7. Register your bike with local law enforcement and a national bike registration. (Iím not sure which registration is best? Anyone have suggestions on registration?


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  3. #13
    Steve O's Avatar
    Steve O is offline I really need to log off the internet and go for a ride.
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    Suggest to whomever is in charge of your bike security to put up a camera that records. It might not prevent theft but could help in recovering the bike if police officers have a video of the thief
    Hahahaha. My bike was stolen in August 2013. Upon looking around I noticed that the location was visible from a security camera of the adjacent office building. I spoke with the guard who put me in touch with management. Management was awesome and said they would be happy to coordinate with the police. I contacted ACPD's Heather Hurlock, who (at least at that time) coordinates the bike registration. I think she made some sort of perfunctory effort on my behalf, but I know that she never made contact with the management nor ever viewed the video. At that time there was a raft of bike thefts in Rosslyn, so even if they were unable to use the video to clearly identify the thief, they may have gotten a look at a vehicle that was used or something else that could have helped them track something down.
    So unless someone actually cares, a video camera is useless except possibly as a deterrent. In which case an empty video camera housing would be cheaper and just as effective.

  4. #14
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    Quote Originally Posted by Steve O View Post
    In which case an empty video camera housing would be cheaper and just as effective.
    This is probably an irrelevant aside, but just be aware that doing this opens the property owner up to huge liability/damages in the case of a more serious crime or accident in which the victim would have a reasonable expectation of security or investigation from the "fake" camera. One of those "burglar sues you for falling through your skylight" kind of situations, among others more rightful and serious.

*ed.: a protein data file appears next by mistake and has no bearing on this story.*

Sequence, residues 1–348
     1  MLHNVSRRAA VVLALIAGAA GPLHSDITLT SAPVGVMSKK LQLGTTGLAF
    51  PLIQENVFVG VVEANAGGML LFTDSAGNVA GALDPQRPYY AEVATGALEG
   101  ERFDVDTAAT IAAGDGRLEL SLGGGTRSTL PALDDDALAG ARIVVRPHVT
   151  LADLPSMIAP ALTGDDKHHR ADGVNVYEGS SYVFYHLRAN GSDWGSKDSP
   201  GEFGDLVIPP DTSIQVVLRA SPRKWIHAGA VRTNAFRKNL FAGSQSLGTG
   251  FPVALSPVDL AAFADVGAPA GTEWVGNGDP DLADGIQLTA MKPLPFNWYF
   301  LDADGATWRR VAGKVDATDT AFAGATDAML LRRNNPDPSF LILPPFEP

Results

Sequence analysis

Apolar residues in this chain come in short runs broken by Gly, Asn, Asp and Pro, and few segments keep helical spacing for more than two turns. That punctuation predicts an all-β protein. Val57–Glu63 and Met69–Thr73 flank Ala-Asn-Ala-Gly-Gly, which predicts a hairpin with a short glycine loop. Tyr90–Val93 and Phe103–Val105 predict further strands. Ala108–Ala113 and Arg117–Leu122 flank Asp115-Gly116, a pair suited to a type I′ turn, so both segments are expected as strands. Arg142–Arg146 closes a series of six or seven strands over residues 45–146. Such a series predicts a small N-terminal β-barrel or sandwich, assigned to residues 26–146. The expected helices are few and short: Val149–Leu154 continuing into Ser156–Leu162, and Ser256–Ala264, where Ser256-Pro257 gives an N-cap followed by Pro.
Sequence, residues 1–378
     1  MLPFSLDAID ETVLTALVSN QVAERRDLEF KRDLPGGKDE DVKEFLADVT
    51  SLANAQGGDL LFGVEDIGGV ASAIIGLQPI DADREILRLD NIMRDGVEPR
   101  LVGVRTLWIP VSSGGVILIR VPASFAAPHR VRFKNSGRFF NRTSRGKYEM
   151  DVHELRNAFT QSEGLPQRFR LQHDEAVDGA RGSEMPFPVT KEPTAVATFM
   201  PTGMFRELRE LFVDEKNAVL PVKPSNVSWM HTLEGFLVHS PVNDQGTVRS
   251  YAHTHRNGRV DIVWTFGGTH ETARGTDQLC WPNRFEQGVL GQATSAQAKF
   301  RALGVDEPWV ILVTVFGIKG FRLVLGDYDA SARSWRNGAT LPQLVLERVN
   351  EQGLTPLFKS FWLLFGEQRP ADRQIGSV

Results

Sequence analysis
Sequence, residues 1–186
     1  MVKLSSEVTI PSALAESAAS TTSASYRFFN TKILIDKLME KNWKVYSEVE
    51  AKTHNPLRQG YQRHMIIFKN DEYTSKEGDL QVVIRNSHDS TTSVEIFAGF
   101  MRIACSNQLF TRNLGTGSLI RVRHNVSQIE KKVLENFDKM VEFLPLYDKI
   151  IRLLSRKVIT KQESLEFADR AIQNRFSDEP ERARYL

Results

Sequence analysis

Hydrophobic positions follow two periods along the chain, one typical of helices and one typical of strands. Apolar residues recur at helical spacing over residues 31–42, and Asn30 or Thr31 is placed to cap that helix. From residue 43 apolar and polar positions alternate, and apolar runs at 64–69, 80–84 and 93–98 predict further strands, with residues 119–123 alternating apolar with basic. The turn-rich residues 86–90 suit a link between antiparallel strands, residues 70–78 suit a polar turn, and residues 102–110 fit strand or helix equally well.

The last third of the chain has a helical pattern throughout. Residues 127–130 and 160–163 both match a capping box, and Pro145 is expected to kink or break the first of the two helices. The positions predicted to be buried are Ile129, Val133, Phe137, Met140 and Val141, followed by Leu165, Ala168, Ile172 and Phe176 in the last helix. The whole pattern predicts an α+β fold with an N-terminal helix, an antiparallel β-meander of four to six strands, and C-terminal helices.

Last edited by LeprosyStudyGroup; 02-23-2017 at 12:41 PM. Reason: so says a security director I once talked to when the subject came up once

  5. #15
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    I think you should just find the most compact and visually pleasing way to keep the bikes in your apartment, and make it up to your wife either by selling one of the three or getting rid of something else that is "yours" and takes up space.

  6. #16
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    Quote Originally Posted by EasyRider View Post
    I think you should just find the most compact and visually pleasing way to keep the bikes in your apartment, and make it up to your wife either by selling one of the three or getting rid of something else that is "yours" and takes up space.
    Do not, however, sell the wife. In spite of what you may read in this forum, she is more important than the bike.

  7. Likes vvill, chuxtr, drevil liked this post